Super Digital Linear Tape

What Does Super Digital Linear Tape Mean?

Super Digital Linear Tape (SDLT) is a higher capacity variant of the Digital Linear Tape standard, a magnetic tape format developed by Digital Equipment Corporation (DEC) back in the 1980s that became the industry standard for mid-range NT and UNIX system archive and backup applications. An SDLT variant that originally had 110 GB of storage capacity was launched in 2001.

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Techopedia Explains Super Digital Linear Tape

Super Digital Linear Tape technology is based on laser-guided magnetic recording (LGMR) technology. It uses a combination of optical and magnetic technologies to dramatically increase the number of recording tracks present on the surface of the tape media. The optical servo system reads the servo patterns on the tape’s back in order to keep the data tracks on the tape’s front correctly aligned with the read/write heads.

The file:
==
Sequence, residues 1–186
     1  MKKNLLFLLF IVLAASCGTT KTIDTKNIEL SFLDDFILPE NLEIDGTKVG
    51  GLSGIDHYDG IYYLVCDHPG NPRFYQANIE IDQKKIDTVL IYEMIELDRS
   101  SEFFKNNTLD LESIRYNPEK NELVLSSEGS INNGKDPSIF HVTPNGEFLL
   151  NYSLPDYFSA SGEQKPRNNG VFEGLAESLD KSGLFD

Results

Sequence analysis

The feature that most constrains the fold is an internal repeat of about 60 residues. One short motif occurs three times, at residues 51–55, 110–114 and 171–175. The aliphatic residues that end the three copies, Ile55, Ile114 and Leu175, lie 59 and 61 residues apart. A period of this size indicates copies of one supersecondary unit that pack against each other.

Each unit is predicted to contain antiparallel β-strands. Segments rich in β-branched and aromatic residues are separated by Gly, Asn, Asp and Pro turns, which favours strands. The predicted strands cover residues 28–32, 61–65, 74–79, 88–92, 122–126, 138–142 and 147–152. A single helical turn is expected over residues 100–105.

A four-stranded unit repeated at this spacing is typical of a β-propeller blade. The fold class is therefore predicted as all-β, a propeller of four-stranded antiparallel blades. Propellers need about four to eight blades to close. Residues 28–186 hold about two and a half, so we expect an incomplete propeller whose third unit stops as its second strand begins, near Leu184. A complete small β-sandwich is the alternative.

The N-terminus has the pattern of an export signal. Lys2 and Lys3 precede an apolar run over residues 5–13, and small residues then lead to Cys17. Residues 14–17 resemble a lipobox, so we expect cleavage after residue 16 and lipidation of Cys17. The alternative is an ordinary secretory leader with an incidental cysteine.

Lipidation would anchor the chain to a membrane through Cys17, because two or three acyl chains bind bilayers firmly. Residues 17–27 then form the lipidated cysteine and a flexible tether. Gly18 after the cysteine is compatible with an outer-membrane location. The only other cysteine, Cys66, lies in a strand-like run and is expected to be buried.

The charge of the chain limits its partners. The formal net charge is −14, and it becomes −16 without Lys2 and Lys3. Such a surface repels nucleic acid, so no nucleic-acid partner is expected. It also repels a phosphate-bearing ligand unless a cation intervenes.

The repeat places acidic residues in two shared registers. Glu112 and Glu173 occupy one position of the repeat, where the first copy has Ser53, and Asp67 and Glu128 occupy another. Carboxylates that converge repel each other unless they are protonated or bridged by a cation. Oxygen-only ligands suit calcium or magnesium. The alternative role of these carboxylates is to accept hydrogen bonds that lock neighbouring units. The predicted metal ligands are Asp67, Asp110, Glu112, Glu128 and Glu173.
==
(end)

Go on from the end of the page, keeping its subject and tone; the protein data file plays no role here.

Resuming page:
SDLT supports hardware data compression and is fully backward compatible with regular DLT cartridges, being able to write to and read from them; however, it writes data in SDLT 220 format, as is the case with the SDLT 320 tape drive.

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Margaret Rouse
Technology Expert

Margaret is an award-winning technical writer and teacher known for her ability to explain complex technical subjects to a non-technical business audience. Over the past twenty years, her IT definitions have been published by Que in an encyclopedia of technology terms and cited in articles by the New York Times, Time Magazine, USA Today, ZDNet, PC Magazine, and Discovery Magazine. She joined Techopedia in 2011. Margaret's idea of a fun day is helping IT and business professionals learn to speak each other’s highly specialized languages.